The main finding of our analyses is that, even after adjustment for baseline factors such as sex, stroke severity, and variables that showed an independent interaction with Mg treatment or were used for stratification, Mg treatment improved the chances of a good functional outcome in patients with LACS. This indicates that the effect evident in the IMAGES subgroup analysis was not due to a confounding effect of other prerandomization factors and provides support for the possibility that Mg treatment improves outcome in LACS. Stroke patients who were younger, had a higher MABP or DBP, and did not have a history of ischemic heart disease especially benefited from Mg treatment.
The treatment groups in the LACS subset were well balanced. The treatment effect observed in LACS was consistent for both functional outcome measures, BI and mRS, but was absent for mortality; however, this is expected, because early mortality is rare in LACS patients, and neither the main IMAGES trial nor the subgroup had adequate power to detect an effect on mortality. Clearly, selection of an appropriate outcome measure for a lacunar stroke trial will be important and may not necessarily be the same as that used for an unselected population. It may be desirable to explore the potential of using novel patient-specific end points.7
After additional adjustment for Mg-age and Mg-DBP interactions, the effect of Mg had only a tendency toward benefit in the LACS subgroup, but the CIs were wide. In the larger dataset of all stroke patients, wherein statistical power was greater, the interaction between Mg and LACS remained significant, even after additional adjustment for interactions between Mg and age, DBP, MABP, and absence of a history of ischemic heart disease.
A benefit from Mg in acute white matter infarction is biologically plausible2; however, most animal-model studies support the effect of Mg on neuronal cell bodies. The tolerance of white matter to ischemia may be greater than for gray matter, so the time window for its protection may be longer. Outcome assessment in animal models of stroke is predominantly based on histological lesion volume, which is largely determined by cortical infarction (and by extension, assumed to involve neuronal cell bodies). White matter constitutes a smaller proportion of the rodent brain, and quantitative measurement techniques for axonal injury are less clearly established, so evaluation of therapeutic effects on white matter has been difficult. Because most other possible neuroprotectant agents act at receptors or intracellular targets that are predominantly or exclusively present in neurons, cortical lesion volume is a relevant marker of effect, and exclusion of lacunar strokes from “proof-of-principle” clinical trials is a logical mechanism for enriching the trial population.8 Although we should remain cautious until our findings can be confirmed independently in a prospective, randomized trial, this study suggests that lacunar stroke patients may represent a relevant and practical target population for agents with biological activity in white matter.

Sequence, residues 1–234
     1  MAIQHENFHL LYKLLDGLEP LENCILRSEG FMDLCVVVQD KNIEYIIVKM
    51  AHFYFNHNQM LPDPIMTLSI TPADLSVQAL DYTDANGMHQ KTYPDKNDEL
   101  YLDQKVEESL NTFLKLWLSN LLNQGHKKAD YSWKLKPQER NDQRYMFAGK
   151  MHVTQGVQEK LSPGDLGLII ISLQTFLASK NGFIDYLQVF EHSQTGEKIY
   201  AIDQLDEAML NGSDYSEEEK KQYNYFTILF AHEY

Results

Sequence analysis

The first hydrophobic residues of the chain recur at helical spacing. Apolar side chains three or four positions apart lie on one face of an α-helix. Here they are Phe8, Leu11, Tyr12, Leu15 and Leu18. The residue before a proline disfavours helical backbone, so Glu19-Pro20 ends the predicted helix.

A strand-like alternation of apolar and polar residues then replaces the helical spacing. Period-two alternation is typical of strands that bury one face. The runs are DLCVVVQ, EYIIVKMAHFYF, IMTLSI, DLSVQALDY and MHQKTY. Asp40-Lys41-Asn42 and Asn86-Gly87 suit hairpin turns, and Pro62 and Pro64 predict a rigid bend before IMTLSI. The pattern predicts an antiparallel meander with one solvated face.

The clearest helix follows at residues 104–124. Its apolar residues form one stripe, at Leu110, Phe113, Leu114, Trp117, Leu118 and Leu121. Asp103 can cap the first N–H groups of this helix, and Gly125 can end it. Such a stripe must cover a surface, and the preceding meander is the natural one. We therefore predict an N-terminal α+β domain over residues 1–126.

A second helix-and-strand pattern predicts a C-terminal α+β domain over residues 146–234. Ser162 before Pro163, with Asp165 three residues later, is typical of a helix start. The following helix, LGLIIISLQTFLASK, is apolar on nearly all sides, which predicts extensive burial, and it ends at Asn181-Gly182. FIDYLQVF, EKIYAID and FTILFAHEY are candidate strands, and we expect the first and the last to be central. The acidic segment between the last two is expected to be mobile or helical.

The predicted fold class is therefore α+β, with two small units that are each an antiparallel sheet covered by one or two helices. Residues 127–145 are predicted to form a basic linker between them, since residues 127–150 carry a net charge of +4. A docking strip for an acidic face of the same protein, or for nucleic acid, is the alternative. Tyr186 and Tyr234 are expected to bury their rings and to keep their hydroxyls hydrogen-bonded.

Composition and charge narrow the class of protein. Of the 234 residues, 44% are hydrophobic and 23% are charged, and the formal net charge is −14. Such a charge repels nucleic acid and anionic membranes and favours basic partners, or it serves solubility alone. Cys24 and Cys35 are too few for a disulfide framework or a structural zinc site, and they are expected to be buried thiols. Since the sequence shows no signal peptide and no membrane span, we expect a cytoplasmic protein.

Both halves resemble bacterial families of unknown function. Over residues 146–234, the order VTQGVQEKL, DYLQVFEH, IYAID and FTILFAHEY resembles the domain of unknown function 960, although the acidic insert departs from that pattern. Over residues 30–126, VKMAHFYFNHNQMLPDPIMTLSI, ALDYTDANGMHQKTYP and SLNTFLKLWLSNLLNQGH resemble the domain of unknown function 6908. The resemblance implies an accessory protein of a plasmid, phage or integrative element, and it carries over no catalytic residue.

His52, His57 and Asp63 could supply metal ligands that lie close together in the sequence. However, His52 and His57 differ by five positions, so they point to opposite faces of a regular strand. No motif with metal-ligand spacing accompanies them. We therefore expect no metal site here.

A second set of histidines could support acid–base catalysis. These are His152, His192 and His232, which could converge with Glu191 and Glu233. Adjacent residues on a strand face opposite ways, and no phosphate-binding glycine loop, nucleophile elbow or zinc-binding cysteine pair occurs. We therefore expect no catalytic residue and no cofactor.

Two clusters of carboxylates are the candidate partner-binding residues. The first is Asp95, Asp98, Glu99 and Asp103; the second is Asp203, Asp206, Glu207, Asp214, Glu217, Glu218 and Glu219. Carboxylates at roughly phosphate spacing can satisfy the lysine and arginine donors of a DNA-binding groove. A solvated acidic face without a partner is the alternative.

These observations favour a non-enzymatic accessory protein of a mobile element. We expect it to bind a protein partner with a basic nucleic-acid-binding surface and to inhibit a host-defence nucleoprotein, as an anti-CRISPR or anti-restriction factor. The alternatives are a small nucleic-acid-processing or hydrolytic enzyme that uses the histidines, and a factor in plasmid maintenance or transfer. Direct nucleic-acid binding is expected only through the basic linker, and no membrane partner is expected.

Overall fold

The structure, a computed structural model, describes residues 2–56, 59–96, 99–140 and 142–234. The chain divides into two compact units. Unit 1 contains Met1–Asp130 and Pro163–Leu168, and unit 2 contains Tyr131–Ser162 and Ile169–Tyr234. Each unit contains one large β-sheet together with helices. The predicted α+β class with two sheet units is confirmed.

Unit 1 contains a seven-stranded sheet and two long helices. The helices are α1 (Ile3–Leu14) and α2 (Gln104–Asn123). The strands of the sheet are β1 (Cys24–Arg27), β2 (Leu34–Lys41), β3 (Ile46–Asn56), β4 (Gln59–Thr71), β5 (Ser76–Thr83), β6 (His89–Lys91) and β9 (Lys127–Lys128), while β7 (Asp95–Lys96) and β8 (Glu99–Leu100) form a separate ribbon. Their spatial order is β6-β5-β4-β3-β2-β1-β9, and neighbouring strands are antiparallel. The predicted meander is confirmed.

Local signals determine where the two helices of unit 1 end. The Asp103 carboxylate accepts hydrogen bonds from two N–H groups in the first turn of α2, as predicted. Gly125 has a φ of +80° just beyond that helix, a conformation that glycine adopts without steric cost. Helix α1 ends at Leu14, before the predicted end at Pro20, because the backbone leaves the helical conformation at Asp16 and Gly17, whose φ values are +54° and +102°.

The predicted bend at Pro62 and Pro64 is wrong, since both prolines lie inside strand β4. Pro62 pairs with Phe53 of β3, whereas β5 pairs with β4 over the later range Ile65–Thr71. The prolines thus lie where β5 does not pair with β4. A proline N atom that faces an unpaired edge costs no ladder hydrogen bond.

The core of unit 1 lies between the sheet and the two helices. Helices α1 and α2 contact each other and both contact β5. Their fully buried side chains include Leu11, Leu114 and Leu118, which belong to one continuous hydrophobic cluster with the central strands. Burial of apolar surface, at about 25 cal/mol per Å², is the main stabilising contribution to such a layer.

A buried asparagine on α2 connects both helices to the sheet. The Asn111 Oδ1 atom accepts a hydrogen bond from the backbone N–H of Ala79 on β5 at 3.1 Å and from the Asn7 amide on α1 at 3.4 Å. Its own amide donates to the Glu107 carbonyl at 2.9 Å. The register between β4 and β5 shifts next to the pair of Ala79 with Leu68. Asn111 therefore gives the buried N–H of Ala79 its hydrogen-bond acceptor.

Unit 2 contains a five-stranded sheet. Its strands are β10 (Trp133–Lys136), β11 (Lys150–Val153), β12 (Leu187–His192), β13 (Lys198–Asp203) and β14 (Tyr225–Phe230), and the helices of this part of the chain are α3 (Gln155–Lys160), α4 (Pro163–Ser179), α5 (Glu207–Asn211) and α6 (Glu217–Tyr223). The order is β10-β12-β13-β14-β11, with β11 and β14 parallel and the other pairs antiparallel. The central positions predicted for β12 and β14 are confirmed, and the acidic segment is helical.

The pathophysiology of lacunar syndromes is poorly understood, but fluctuation in clinical status over time is a common observation that may be the basis for a beneficial effect being unrelated to the time from stroke to infusion. This again raises the possibility of a vasoactive mechanism in addition to, or instead of, a neuroprotectant one. Regardless of mechanism, the IMAGES data indicate no justification for exclusion of late-presenting patients from a future trial, at least up to 12 hours. Whether the treatment effect of Mg is mediated via lowering of BP or whether the BP effect is simply 1 of the manifestations of Mg treatment is unclear. The interaction between baseline BP and treatment was present in both the efficacy population and the LACS subset.
Although the ISS groupings showed a clear relation with outcome for the entire IMAGES population, the ISS has limited discriminatory power within the LACS subgroup: these patients mostly had ISS scores of 5 or below (upper quartile). Interaction between ISS and Mg treatment was identified neither in the efficacy dataset nor in the lacunar subset. Because of small numbers in the lacunar group and also the favorable prognosis of placebo-treated patients owing to a more benign natural history, our failure to demonstrate any interaction between Mg treatment and ISS may not be reliable. Our analysis is exploratory in nature and is not powered to provide definitive results.
Identification of the Lacunar Population
The term “lacune” refers to pathoanatomic findings at autopsy.9 The computed tomography (CT)/magnetic resonance imaging equivalent of a lacune is a small, deeply placed infarct (SDI) and assumes that the imaged area of infarction is within a territory of a single, perforating artery and presents as small circular or oval changes approximately <1.5 cm in diameter.9 Patients with lacunar stroke present mostly with 5 distinct stroke syndromes, collectively described as classic lacunar syndromes. Classic lacunar syndromes include (1) pure motor stroke, (2) sensorimotor stroke, (3) pure sensory stroke, (4) dysarthria–clumsy hand syndrome, and (5) ataxic hemiparesis. Lacunar stroke may thus be defined as a lacunar syndrome combined with an SDI on imaging or with imaging that is consistent with an SDI (ie, this may include a normal CT scan). The method used for LACS classification in the IMAGES trial included only pure motor stroke and sensorimotor stroke.1 IMAGES required a single brain imaging study within 7 days of stroke.